Gardening for Wildlife

Butterfly Hovering over a Zinnia Flower

Monarch Butterflies are threatened by increased pesticide use and the disappearance of their habitat here and in Mexico where they spend the winter.

Their populations have decreased by 80 percent over the last two decades! But you can help them by planting flowers in your garden that they and their caterpillars need to survive! Monarch Butterflies only lay their eggs on Common Milkweed, Swamp Milkweed, and Butterfly Weed. By planting these plants in your garden you will be providing the food that Monarch caterpillars need to grow and mature into butterflies!

Adult Monarch Butterflies also need nectar producing flowers to feed on during their epic migration from Northern Canada to Mexico. You can help them by planting Zinnias! Zinnias are super easy to grow and their many-colored flowers will look beautiful in your garden. They are one of the Monarch Butterfly’s favorite food sources for nectar and attract hummingbirds as well! So let’s all help the Monarch Butterflies that migrate through Ridgefield Park by planting the flowers they need to survive! And remember DO NOT use any pesticides in your yard or garden as this will kill any Monarch Butterflies you attract!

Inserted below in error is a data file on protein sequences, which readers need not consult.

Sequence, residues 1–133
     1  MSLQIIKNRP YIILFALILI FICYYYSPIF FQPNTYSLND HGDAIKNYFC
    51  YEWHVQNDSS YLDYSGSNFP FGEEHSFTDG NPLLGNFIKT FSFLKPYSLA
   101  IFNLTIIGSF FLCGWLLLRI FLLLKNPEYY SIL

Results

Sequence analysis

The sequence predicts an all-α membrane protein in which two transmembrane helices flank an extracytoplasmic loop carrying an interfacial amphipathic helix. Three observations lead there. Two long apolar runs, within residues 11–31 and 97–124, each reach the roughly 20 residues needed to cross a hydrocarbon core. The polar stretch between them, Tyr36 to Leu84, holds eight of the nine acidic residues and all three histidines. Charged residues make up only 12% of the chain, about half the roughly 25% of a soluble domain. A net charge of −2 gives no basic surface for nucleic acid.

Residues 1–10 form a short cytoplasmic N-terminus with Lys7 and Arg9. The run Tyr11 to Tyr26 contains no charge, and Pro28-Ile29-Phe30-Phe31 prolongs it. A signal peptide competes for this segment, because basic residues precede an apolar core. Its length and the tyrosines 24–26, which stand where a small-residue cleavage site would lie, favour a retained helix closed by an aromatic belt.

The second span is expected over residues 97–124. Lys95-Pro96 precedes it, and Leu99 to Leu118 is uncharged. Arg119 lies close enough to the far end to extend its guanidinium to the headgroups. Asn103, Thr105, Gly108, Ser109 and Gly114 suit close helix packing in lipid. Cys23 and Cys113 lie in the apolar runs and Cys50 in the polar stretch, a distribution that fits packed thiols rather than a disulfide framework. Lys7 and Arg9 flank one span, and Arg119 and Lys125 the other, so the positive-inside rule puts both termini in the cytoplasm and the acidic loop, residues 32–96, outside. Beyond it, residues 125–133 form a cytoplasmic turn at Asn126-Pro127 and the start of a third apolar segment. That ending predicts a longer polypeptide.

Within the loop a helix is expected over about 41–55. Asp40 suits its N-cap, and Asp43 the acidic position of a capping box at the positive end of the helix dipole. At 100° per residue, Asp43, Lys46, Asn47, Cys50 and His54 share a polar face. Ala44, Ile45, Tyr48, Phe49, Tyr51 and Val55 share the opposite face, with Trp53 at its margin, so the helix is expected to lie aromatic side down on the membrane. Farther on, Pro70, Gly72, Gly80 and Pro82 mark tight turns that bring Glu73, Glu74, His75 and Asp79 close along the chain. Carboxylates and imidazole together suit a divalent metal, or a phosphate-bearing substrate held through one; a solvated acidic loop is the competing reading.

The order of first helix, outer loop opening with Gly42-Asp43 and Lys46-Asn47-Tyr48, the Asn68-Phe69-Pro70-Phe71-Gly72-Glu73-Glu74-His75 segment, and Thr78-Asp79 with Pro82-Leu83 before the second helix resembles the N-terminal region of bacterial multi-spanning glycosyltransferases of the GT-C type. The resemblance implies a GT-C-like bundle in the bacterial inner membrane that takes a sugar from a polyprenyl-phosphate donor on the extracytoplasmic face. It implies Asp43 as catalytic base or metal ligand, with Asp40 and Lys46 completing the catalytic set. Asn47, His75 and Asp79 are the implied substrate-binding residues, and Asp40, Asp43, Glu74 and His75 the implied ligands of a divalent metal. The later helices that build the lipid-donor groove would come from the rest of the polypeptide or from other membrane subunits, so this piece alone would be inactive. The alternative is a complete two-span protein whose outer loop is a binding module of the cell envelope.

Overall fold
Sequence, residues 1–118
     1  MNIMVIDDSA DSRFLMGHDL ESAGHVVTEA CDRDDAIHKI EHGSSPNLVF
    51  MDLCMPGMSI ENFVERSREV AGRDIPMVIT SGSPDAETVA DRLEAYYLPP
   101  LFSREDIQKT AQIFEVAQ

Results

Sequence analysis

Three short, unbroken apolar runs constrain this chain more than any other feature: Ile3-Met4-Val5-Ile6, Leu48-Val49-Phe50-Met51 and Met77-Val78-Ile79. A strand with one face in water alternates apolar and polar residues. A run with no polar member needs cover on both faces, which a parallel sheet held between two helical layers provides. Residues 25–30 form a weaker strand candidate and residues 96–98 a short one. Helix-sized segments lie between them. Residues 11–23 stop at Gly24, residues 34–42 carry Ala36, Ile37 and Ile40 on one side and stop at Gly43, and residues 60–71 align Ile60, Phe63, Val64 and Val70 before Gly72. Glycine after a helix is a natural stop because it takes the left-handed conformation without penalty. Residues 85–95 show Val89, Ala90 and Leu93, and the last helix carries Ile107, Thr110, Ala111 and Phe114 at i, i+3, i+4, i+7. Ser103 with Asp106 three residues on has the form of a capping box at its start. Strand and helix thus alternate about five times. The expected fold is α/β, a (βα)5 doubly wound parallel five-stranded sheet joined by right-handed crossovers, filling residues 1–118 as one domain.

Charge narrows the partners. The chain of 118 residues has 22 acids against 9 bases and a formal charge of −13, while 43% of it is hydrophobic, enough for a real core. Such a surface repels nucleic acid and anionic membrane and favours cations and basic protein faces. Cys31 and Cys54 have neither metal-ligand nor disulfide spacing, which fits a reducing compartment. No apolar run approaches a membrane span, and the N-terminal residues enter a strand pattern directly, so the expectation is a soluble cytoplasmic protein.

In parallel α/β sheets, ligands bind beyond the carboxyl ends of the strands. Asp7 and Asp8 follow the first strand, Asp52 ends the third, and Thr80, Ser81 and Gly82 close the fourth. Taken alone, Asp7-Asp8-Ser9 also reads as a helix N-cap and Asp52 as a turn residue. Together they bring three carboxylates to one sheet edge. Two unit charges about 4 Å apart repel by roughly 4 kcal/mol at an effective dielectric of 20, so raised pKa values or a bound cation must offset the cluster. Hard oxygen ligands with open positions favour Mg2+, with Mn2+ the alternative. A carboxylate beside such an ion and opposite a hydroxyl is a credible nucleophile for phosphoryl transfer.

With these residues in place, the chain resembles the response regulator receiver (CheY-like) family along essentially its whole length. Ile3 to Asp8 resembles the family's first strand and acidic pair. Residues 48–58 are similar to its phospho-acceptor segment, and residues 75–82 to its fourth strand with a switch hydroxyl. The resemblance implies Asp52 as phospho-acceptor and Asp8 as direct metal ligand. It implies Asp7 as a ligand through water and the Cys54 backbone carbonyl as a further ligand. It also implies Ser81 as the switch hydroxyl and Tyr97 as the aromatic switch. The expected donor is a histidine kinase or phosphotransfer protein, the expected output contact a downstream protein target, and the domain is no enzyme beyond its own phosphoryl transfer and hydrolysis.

You might also want to attract hummingbirds to your backyard! One of the easiest ways to do this is to hang up and maintain a hummingbird feeder! The best hummingbird feeders are available from a company named Aspects at or from Wild Birds Unlimited at You can easily mix up the sugar water they love by adding one part regular table sugar to 4 parts of water! Boil this mixture then let it cool and fill your feeders with it. Be sure to change this mixture every week or so. Hang your feeder out in a shady spot in your garden in early spring (April) when hummingbirds start to arrive from the south. You might be lucky to encourage them to stay in your neighborhood for the summer if there are enough flowers and insects to support them when they nest and raise a family! Be sure to maintain your feeder once you attract them so they have a constant source of food while they are with you! And, again, NO pesticides as these harm hummingbirds as well!